Implementation Science

Photo by David Bjorgen

Why It Matters  |  What We Are Doing  |  Who Is Involved

 

Why It Matters

One great irony of public health is that it takes about 17 years for scientific discoveries to be implemented into clinical practice and community settings. Important advances such as water filtration systems, patient safety practices, and clean indoor air policies could have saved many more lives if they had been adopted more quickly. The reasons for such delays are complex, but one of the major barriers is that we lack a system (including communication, marketing, distribution, and customer support) for scaling up discoveries and shortening the discovery-to-delivery gap. Public health practitioners have little time to review the literature for the latest evidence, evaluate their own data in systematic ways, or figure out how to implement an effective new practice or policy. We must find ways to accelerate the uptake of proven health innovations that already have been discovered.  The benefits of research findings can only be achieved when they are responsive to people’s needs and are fully integrated into practice, policy, and education.

What We Are Doing

Implementation science is one of the most important areas of growth in public health, and we have outstanding expertise across the Gillings School of Global Public Health.  Read More

We are focusing on this new field because it has become increasingly clear that evidence-based interventions are rarely adopted on their own merits.  Researchers may discover how to address a specific problem, but many implementation bottlenecks (social, behavioral, economic, and management) stand in the way of quickly and efficiently integrating the research findings into clinical practice and public health programs. At the Gillings School, we are putting science into service to get our research findings and effective interventions to the people who need them.

Who Is Involved

Our leaders in implementation science come from across the Gilling School, and include our world-class faculty, staff, post-docs and students. This overview only captures a fraction of the important research, teaching, and public service efforts in implementation science at the Gillings School. Below, our new implementation science initiatives are discussed.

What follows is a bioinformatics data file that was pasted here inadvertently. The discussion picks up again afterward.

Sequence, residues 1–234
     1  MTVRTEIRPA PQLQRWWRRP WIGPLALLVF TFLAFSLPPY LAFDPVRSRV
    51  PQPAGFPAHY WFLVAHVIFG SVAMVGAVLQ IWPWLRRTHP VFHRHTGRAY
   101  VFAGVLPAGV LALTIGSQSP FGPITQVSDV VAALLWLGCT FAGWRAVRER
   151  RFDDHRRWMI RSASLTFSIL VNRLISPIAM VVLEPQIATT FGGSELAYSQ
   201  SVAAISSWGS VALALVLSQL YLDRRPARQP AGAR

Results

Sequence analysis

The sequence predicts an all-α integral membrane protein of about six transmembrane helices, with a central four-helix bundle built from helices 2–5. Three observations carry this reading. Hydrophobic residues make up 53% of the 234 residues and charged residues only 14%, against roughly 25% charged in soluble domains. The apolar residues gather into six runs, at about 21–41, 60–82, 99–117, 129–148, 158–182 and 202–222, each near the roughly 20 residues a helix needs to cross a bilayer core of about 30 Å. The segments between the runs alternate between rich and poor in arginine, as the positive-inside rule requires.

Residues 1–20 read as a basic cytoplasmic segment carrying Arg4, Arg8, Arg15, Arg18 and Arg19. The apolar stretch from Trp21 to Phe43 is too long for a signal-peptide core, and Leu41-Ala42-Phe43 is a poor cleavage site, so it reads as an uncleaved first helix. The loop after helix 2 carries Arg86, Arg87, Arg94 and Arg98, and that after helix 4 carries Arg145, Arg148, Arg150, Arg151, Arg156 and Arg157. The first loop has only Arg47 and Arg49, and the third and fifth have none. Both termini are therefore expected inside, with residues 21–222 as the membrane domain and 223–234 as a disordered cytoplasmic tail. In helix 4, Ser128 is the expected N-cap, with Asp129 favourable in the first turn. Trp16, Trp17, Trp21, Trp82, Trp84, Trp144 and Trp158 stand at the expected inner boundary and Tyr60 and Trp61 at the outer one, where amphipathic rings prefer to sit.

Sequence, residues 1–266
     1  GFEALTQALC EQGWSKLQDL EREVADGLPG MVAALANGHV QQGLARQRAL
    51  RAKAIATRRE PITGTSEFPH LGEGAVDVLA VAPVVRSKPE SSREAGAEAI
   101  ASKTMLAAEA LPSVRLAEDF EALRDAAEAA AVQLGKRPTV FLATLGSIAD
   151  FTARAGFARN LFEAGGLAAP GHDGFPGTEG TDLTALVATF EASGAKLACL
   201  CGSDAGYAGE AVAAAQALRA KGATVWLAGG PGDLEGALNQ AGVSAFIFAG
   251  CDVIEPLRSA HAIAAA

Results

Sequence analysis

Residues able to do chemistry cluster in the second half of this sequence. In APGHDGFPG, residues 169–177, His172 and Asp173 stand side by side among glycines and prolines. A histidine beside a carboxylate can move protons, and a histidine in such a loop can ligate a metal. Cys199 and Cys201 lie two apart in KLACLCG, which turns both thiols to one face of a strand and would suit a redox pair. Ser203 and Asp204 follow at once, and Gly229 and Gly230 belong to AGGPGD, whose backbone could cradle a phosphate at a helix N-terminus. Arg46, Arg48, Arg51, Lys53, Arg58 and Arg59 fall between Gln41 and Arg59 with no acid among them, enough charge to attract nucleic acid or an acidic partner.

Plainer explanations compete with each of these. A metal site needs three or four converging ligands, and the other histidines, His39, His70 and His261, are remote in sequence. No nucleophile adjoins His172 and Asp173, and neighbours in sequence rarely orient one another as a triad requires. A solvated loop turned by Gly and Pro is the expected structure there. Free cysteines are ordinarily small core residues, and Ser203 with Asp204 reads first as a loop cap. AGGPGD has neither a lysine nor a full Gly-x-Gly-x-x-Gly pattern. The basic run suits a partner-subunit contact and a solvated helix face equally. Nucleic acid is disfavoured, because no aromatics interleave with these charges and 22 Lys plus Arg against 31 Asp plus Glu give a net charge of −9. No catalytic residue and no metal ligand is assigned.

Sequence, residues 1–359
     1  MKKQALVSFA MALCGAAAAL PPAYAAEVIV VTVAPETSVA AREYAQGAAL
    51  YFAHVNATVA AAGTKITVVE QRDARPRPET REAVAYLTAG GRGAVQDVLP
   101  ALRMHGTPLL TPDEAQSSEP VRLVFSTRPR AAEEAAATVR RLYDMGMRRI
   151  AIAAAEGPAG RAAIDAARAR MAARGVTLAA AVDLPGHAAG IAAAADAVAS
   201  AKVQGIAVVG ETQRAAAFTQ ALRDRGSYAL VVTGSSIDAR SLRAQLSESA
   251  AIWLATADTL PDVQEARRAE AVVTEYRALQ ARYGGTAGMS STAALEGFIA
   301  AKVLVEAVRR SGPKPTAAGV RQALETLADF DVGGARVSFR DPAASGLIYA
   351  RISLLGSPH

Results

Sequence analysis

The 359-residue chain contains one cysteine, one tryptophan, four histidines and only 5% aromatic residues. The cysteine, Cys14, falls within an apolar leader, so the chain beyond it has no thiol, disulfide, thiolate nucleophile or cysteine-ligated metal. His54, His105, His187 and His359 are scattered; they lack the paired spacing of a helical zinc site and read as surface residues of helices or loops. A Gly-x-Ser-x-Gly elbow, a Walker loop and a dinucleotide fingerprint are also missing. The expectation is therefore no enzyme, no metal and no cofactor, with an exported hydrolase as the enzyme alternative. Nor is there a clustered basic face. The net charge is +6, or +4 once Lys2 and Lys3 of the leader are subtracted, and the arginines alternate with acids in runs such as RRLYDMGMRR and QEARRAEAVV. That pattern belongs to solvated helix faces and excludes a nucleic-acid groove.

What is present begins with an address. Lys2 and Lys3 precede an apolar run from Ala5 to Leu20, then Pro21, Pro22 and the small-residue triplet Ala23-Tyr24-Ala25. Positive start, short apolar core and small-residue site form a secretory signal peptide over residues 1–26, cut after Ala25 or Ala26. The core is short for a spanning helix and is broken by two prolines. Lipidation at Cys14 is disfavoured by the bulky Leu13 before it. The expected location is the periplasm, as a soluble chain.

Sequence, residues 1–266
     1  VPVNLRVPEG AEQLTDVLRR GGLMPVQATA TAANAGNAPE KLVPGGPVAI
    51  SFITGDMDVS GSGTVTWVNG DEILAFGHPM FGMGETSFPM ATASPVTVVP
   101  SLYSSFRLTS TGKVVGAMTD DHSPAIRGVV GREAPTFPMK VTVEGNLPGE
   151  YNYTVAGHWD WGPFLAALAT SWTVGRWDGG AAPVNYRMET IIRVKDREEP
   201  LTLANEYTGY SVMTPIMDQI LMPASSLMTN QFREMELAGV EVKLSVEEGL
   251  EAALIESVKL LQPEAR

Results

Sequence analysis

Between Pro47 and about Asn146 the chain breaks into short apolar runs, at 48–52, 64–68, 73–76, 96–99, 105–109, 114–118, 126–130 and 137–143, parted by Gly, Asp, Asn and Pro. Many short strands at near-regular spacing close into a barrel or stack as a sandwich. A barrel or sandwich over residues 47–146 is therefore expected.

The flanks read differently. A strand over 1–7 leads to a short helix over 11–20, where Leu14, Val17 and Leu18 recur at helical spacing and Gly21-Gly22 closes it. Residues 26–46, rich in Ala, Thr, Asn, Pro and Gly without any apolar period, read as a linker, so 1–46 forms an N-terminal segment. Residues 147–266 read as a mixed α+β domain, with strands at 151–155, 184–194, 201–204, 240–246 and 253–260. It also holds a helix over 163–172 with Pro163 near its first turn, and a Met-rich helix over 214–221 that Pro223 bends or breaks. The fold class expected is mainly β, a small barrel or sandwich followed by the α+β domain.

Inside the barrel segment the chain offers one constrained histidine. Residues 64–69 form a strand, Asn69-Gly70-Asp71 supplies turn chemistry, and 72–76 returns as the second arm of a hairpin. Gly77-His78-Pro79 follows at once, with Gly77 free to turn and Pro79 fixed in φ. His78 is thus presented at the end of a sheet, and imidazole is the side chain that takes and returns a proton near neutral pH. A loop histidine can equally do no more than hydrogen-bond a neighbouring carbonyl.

The World Health Organization Collaborating Center- Sexual and Reproductive Health

The World health Organization Collaborating Center on sexual and reproductive health is translating scientific discoveries into real-world solutions.

Faculty, staff, and students are finding practical ways to deliver life-saving maternal and newborn health interventions in parts of the world where skilled medical care is in very short supply. The WHO Collaborating Center supports implementation science initiatives such as the G.R.E.A.T. project (Guideline development, Research priorities, Evidence synthesis, Applicability of evidence, Transfer of knowledge).  This project focuses on new approaches to identifying priority problems, developing guidelines, and implementing activities that are based on the best scientific evidence and tailored for local settings. Another effort we are involved in is the Alliance for Reproductive, Maternal and Newborn Health (RMNH) in Malawi, Africa which is an initiative to implement the Global Strategy on Women’s and Children’s Health.

The Consortium for Implementation Science

The consortium for implementation science is transforming the research-to-practice link to get evidence-based interventions to the people who need them most.  

Here in our own backyard, a major initiative between the Gillings School and RTI International will enable us to significantly improve the health of North Carolinians. By focusing on dissemination and implementation research, practice, policy, and education, we will be able to rapidly deliver new scientific findings to health care providers, patients, and communities. Our collaborators are leaders in applying implementation science to a wide range of public health concerns including obesity, cancer, school-based health, and HIV/AIDS. For example, we know that if doctors implemented aspirin therapy for preventing and managing cardiovascular disease (CVD), first-time CVD-related events could be reduced by 9%, recurrent events by 40%, and health care expenses by 20%. Cardiovascular disease is just one of the many health conditions for which the Consortium for Implementation Science will strive to achieve breakthroughs in health outcomes and reduce health care costs.